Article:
Spoiling Them Into Rotten Citizens

I read this article in the New Yorker the other day about Americas spoiled children . The article compares American children with those who live along the Puruvian Amazon. Some of the differences sure were shocking. A child at three in america is believed to not have the capacity to take care of themselves and are often hawked over and aided in all thier actions. A child from the Matsigenka tribe in peru at age three is already wielding a machete and helping to cook food.

The article more interestingly points out that our culture supports a child to do nothing. To have things done for them. A child will ask thier dad “and how am i suppose to eat this?” instead of getting the silverwear themselves and has the father bring it to the table. It goes on to state how this kind of do everything for them parenting is breeding a nation of adultecense that end up living back at home with thier parents not able to cope with the real world.

This article really made me think. I practice attatchement parenting which is basically meet the needs of your child in a way that makes them feel secure and loved. But is this also a diservice? Her needs are met as soon as I figure them out. I have taught her to communicate as much as possible using sign language and the limited vocabulary she has, but the real world will not do the same. I am aware she is only a year and a half so even if I wanted to I could not teach her to do most things on her own and deal with her frustrations. But perhaps how I see parenting may change. If I truley want to raise a global citizen who takes responisbility for her own learning, I am going to have to let her be frustrated.

I immediatly started thinking of Montessori school. This curricular model not only focuses on academics but makes a point to teach life skills. Often preschoolers are taught how to sweep, wash dishes, put things back in order, set tables, even prepare food.  So if doing all those things for your young child leads to a negative results, teaching them how to do it for themselves can only build thier self esteem and abilities.

Everything we have is meant to make out life easier, we have dishwashers, washing machines, showers, ovens, etc but yet our young kids are often not allowed to use them. We wash our kids clothes, cook thier food, set the table, make sure they have showered, remind them to do thier homework, we basically run thier lives. How do we convince them that doing all of those things for themselves will make them a better member of society. Its not as much learning to work, but learning to be responible for yourself so you can help others.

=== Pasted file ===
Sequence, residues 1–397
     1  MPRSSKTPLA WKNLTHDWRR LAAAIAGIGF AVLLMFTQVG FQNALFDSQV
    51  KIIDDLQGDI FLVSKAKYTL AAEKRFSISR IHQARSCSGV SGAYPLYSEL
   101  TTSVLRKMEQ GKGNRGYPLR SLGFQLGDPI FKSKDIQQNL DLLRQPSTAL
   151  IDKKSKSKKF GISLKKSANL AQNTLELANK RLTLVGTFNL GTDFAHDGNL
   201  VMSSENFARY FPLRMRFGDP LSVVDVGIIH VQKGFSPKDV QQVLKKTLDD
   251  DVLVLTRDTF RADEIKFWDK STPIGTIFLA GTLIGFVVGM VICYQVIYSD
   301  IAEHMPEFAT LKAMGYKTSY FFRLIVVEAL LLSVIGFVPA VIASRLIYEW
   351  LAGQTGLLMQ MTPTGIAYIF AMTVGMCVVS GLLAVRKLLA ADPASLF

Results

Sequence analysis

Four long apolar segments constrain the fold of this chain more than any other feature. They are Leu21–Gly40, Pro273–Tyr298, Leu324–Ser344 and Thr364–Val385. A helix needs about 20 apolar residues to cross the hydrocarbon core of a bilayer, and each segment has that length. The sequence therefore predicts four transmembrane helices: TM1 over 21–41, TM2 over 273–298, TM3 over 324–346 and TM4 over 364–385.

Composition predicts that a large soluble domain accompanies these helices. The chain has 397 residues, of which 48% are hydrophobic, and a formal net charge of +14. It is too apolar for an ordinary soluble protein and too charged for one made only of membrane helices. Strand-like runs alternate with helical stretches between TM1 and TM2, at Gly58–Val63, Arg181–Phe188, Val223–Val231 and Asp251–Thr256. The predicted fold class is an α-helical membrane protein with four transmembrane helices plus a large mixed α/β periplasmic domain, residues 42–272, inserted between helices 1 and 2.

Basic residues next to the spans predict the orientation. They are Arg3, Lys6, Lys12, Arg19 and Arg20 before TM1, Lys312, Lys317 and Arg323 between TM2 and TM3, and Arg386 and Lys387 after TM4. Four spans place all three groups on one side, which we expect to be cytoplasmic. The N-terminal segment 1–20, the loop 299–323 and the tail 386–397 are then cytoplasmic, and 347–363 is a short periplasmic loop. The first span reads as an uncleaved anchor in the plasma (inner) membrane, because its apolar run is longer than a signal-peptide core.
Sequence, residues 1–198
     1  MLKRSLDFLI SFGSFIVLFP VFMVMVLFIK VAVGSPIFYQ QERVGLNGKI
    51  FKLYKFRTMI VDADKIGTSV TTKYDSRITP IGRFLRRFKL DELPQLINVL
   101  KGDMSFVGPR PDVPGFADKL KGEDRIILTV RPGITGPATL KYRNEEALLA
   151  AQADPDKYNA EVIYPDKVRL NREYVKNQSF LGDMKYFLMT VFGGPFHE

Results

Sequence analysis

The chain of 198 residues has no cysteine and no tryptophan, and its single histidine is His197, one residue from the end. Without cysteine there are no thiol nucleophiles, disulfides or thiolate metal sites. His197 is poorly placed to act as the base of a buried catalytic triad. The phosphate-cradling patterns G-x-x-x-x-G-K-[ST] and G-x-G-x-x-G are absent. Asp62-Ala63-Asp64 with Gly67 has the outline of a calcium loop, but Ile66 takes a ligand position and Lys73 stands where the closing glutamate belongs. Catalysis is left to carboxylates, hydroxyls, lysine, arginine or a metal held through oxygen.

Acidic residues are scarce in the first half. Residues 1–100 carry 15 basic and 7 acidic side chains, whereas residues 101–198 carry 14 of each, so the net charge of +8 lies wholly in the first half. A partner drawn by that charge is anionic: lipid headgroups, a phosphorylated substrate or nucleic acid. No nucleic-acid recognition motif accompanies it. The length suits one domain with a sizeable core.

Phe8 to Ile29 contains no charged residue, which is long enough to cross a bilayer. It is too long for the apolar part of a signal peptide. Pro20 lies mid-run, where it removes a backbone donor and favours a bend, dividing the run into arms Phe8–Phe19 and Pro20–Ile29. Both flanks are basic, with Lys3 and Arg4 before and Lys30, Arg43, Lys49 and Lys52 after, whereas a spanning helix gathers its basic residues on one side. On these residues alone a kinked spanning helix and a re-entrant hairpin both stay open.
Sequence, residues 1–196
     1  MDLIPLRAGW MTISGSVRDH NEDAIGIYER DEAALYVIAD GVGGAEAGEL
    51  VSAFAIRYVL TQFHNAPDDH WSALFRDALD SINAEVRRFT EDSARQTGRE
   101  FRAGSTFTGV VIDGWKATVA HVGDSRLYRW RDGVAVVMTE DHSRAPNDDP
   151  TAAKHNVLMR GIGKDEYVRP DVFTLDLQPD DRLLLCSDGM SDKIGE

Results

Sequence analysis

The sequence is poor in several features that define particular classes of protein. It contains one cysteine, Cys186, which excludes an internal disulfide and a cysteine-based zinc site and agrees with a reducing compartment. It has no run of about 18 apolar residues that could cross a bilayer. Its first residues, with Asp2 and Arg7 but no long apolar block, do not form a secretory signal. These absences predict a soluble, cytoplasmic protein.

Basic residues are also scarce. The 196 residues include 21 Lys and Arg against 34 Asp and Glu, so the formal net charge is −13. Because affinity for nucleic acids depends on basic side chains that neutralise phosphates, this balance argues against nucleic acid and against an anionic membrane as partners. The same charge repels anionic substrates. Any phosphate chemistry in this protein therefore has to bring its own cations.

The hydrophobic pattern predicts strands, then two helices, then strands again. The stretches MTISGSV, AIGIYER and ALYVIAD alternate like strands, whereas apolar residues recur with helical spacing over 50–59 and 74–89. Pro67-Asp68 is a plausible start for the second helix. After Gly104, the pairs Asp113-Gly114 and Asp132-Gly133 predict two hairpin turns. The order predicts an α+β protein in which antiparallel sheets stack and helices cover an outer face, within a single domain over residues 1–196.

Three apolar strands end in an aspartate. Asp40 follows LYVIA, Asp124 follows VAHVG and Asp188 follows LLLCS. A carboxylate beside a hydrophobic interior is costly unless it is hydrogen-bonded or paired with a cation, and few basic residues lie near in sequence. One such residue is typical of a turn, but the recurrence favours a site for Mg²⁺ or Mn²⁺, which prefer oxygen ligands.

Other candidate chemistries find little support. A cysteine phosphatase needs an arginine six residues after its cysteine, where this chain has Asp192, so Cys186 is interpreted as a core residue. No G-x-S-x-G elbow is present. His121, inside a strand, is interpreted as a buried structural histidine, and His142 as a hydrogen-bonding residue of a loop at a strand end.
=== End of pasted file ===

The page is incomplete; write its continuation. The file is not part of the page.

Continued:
The world is frustrating and they will get fursterated, but if they have had everything done for them how are we suppose to expect them to take care of themselves. While our nations children are busy playing video games  in Peru the young kids are working to help the community and by the time they reach adolence they have the ability to survive completley with a proper set of life skills, while or young teens are depressed and bored and dont want to work.

I live in this culture. How can I get her to be more like the children in Peru while still respecting where she comes from? My only thoughts now are how I can start. I can start simple with showing her how to sweep, where to get her fork, and how to pick up her toys. I can also allow her the opportunity to be frustrated. To figure things out on her own. To guide her in knowing how to do things for herself.  I would love to send her to a Montessori or a Reggio Emilia program, but since those are often very costly I debate homeschooling. In the past I would have never thought of that, but the more I learn about education and the more I am trained in how to provide a quality one that creates democratic global thinkers, the more I know the system is broken. Teachers no longer have to room to really integrate curriculum. They are lucky if they do not have 70 students and  a set curriculum with a strict time schedule that offers very little differentiation.